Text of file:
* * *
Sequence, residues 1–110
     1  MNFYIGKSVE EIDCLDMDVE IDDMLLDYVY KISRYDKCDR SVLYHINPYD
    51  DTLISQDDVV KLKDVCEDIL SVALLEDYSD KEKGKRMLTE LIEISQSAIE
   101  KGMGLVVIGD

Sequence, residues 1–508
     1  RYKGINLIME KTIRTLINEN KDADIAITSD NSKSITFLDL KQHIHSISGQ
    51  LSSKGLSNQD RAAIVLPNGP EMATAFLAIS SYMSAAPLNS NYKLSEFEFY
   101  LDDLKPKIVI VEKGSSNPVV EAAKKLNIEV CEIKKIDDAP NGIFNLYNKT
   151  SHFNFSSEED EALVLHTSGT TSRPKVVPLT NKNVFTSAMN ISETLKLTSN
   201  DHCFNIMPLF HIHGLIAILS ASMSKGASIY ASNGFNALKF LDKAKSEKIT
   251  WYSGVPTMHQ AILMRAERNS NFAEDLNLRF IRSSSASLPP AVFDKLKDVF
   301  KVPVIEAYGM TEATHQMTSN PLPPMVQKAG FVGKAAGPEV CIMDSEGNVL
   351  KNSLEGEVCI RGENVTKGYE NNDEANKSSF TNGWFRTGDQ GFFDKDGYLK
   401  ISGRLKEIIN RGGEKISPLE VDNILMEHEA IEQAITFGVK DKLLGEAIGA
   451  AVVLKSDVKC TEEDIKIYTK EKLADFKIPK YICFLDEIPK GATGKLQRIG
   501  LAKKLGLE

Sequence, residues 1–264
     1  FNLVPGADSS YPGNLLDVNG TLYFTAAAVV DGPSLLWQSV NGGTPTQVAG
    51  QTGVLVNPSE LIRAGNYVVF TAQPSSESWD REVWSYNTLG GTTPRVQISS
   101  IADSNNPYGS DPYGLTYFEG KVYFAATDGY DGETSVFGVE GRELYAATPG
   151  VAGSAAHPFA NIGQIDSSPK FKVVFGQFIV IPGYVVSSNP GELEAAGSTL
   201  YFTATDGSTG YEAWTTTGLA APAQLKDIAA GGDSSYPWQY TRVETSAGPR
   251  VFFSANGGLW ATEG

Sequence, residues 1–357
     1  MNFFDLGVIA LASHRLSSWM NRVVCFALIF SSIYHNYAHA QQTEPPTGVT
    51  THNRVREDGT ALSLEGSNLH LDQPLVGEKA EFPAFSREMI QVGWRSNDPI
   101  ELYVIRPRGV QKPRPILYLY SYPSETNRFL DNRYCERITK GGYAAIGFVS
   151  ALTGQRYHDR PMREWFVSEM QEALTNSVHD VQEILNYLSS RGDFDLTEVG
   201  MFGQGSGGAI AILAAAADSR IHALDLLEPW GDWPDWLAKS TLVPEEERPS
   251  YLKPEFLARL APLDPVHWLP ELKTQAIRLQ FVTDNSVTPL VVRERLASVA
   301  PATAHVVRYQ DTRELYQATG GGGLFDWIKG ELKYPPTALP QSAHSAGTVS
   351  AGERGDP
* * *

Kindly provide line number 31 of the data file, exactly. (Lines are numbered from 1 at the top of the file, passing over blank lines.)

   301  PATAHVVRYQ DTRELYQATG GGGLFDWIKG ELKYPPTALP QSAHSAGTVS